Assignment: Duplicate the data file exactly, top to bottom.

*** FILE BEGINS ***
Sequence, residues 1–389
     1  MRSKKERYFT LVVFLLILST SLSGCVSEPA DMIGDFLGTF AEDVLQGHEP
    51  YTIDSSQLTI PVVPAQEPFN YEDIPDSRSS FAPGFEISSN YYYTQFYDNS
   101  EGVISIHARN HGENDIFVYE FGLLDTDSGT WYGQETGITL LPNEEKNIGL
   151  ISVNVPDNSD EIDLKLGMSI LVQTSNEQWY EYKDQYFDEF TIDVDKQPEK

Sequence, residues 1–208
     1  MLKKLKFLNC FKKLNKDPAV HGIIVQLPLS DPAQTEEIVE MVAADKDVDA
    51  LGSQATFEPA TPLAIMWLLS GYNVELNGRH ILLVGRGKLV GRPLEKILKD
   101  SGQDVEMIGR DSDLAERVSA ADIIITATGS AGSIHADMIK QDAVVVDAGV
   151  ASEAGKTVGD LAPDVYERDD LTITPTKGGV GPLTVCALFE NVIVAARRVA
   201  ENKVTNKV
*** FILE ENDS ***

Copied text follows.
Sequence, residues 1–389
     1  MRSKKERYFT LVVFLLILST SLSGCVSEPA DMIGDFLGTF AEDVLQGHEP
    51  YTIDSSQLTI PVVPAQEPFN YEDIPDSRSS FAPGFEISSN YYYTQFYDNS
   101  EGVISIHARN HGENDIFVYE FGLLDTDSGT WYGQETGITL LPNEEKNIGL
   151  ISVNVPDNSD EIDLKLGMSI LVQTSNEQWY EYKDQYFDEF TIDVDKQPEK

Sequence, residues 1–208
     1  MLKKLKFLNC FKKLNKDPAV HGIIVQLPLS DPAQTEEIVE MVAADKDVDA
    51  LGSQATFEPA TPLAIMWLLS GYNVELNGRH ILLVGRGKLV GRPLEKILKD
   101  SGQDVEMIGR DSDLAERVSA ADIIITATGS AGSIHADMIK QDAVVVDAGV
   151  ASEAGKTVGD LAPDVYERDD LTITPTKGGV GPLTVCALFE NVIVAARRVA
   201  ENKVTNKV